Helm posted a thread on Twitter to debunk the myth that the areas in the patch replete with plastics are devoid of life. On the contrary, because of the food webs anchored by neuston, Lecomte said he swam with a sperm whale on a day that researchers aboard the support vessel measured some of the highest concentrations of microplastics in the water.
It’s important to be clear that this is not an inspirational example of nature adapting to the anthropocene, nor does the research imply that plastics are somehow beneficial to neuston and other marine life. Rather, this is a textbook case of correlation, not causation, said Helm.
“These animals are not interacting with plastic in a direct way,” she said. “They’re just being concentrated in the same way.”
Still, some of the larger life forms that were not neuston did appear to have closer ties to the plastic. It was common for crabs living on larger pieces of trash in the patch to hitch a ride on Lecomte, going unnoticed until he reboarded the boat. And once, he said, he noticed a school of fish swimming underneath him before darting back to their home. Upon following them, he realized they were living around large pieces of debris.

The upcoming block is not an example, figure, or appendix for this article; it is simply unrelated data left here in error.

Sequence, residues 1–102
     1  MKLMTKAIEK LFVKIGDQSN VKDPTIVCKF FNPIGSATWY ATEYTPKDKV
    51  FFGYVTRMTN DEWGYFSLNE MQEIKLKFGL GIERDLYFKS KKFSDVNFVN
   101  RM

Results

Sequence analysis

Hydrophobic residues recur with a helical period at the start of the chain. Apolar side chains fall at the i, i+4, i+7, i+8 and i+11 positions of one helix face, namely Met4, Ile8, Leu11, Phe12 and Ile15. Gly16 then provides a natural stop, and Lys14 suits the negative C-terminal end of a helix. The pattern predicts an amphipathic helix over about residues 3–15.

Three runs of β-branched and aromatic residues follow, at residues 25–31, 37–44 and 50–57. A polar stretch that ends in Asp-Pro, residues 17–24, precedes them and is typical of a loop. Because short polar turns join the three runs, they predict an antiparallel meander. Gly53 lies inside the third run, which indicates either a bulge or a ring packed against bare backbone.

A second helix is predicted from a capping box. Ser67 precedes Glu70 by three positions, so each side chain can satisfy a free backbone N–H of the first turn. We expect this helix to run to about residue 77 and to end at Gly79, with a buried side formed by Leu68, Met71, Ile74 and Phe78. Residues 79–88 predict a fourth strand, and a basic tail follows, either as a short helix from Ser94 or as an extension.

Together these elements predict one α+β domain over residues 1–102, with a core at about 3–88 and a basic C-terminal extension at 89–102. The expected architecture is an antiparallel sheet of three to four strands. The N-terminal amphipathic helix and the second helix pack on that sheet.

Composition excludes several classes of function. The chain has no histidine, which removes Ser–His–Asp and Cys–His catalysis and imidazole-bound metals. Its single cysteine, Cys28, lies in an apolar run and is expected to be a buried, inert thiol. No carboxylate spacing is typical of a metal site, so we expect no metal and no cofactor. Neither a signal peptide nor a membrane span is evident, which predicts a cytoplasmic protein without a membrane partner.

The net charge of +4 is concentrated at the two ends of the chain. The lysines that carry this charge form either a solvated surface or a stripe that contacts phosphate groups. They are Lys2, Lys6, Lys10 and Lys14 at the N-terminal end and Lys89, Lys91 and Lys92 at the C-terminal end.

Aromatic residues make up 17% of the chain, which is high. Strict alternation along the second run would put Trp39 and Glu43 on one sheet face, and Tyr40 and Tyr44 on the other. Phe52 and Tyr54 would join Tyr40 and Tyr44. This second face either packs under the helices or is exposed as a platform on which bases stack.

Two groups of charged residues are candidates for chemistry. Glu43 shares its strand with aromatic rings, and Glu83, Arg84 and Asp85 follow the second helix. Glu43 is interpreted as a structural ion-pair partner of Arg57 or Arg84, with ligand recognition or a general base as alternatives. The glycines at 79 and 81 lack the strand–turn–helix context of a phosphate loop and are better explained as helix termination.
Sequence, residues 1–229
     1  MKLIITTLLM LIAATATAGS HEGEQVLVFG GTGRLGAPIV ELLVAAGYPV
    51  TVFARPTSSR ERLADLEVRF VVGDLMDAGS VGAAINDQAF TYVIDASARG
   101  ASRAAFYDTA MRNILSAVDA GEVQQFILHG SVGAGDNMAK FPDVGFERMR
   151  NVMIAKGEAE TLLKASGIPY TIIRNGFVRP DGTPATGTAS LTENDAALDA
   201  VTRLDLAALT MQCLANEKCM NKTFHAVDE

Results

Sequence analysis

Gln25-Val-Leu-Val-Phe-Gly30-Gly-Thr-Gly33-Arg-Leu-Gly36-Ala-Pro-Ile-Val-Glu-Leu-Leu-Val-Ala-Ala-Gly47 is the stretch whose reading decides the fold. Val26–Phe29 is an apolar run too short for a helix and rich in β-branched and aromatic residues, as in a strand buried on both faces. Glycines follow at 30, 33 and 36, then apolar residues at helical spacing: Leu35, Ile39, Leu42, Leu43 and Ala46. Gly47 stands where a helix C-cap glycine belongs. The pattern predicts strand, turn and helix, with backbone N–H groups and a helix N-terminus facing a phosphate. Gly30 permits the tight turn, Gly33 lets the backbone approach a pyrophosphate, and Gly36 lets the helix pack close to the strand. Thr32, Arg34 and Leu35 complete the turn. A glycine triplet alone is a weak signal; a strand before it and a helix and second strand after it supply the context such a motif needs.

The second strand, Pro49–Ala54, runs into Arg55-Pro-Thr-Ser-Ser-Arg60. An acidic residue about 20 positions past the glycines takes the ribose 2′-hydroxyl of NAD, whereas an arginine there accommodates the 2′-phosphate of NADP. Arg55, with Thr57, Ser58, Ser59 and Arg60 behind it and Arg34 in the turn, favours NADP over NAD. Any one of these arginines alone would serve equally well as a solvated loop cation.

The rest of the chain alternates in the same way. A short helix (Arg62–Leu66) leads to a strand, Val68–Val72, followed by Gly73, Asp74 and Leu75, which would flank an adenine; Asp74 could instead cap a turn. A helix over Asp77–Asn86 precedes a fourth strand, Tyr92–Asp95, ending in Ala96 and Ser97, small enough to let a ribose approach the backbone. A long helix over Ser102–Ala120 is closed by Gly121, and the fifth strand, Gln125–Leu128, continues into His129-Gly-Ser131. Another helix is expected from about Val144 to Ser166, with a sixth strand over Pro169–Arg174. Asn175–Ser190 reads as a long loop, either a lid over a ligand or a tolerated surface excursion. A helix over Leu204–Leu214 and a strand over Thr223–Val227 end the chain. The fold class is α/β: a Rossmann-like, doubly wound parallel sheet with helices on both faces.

“They were leading me back to what had become their house,” he said.
Though a number of sailors have traversed the region by ship, Lecomte is one of the only people on Earth to get an up-close look at the Great Pacific Garbage Patch. He has spoken to sailors who tell him, “It doesn’t look that bad,” he said, because they can only see the water’s surface. The patch does not look like a concentrated island of trash, he added, but rather a swirling collection of debris underneath the surface of the water that takes hours of being immersed in it to fully wrap one’s head around its magnitude.
Based on the research, Helm said that cleanup measures should take neuston into account. Current approaches largely rely on nets, which she likened to taking a “bulldozer” to the ocean’s surface.
Over the course of his swim, Lecomte and his support crew found countless “ghost nets,” which are fishing nets that have been lost or abandoned at sea. Helm said organizations like the Ocean Voyages Institute use a more tailored approach to removing ghost nets; these may end up going gentler on neuston populations. She also said she wants to track the Great Pacific Garbage Patch over time to see how seasonality affects the concentration of neuston and plastic and determine whether the organisms live out their entire lives in the patch.
Blaming the plastic, rather than the people who caused it to collect in the middle of the ocean, is counterproductive, Lecomte said. Each time he and his team found a large piece of manmade debris in the Garbage Patch, he contemplated the bad decisions that led to it coalescing with other plastic in the middle of the ocean.
“It’s up to us to change our habits and to be better stewards of the environment. Right now, we suck at it.”